CS: Well, PG doesn't have to be just for kids, it just means less swears, nudity and violence.
Yeah, exactly. I guess I'm thinking tone, because if you look at things like Miyazaki, even something like "Akira" - that would be a great example of a kind of tone that you could probably achieve and have large scale commercial success. The ironic thing is that these days, you start wondering, "Well, if you're going to do a movie like that, why not just do it live action?" Because you can to that now.

CS: One of the things I like about "Rise of the Guardians" is that it has a done-in-one feel being a story with a beginning, middle and end, but there must be pressure to branch it out into a franchise because these are characters who could get together and do different things. Do you have to cast that stuff aside while making the movie?
Yeah, sort of. You go in and you know that's always the hope. Bill Joyce has written a series of books and there's tons and tons of mythology and backstory to draw from and just the concept of saying that this is a universe where mythological and folklore characters are real, that opens the door for just about anybody to come on in and be in one of these. I had enough fun with the characters in this movie that I'd love to see them in something else, some other situation if we can come up with a good one. It's not something we designed this one with an eye towards necessarily and I definitely did not want it to feel like the pilot episode of a TV show or at the end you're practically setting up the next episode, so I kind of like that it has a bit of an all-in-one feeling and the stakes were high, but I think there's a lot more that you can do.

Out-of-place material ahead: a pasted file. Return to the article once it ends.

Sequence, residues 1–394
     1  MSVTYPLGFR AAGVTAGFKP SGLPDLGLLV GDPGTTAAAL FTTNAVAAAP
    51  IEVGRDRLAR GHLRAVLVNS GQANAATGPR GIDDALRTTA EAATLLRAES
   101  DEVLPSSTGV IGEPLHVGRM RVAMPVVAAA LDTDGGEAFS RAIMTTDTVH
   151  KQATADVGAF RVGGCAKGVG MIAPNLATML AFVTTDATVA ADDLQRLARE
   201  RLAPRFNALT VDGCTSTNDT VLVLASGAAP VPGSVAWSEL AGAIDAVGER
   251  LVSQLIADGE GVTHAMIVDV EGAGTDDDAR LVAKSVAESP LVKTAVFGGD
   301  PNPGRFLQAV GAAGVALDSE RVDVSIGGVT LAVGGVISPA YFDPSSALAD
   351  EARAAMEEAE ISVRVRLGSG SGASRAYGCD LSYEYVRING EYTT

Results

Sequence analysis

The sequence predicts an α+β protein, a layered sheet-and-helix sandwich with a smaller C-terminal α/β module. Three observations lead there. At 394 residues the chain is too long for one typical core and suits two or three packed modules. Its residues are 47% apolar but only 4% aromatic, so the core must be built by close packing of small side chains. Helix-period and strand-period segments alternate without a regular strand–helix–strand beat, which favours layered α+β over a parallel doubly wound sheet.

CS: Since you've already developed the characters, it would probably take less time to make another movie. So are you generally going to stay doing animation now? Is that your plan for the time being?
Well, I'm kind of in love with it right now. I definitely would love - if there's something else that is going to happen with these characters, I'd really want to be involved with that. I had a lot of fun and I love the people I'm working with, that would be great, but yeah, I definitely have the live action itch. That was most of my career and always my intention so at some point, I would love to try my hand at that.

Rise of the Guardians opens nationwide on Wednesday, November 21. You can also read interviews with creator William Joyce and screenwriter David Lindsay-Abaire here.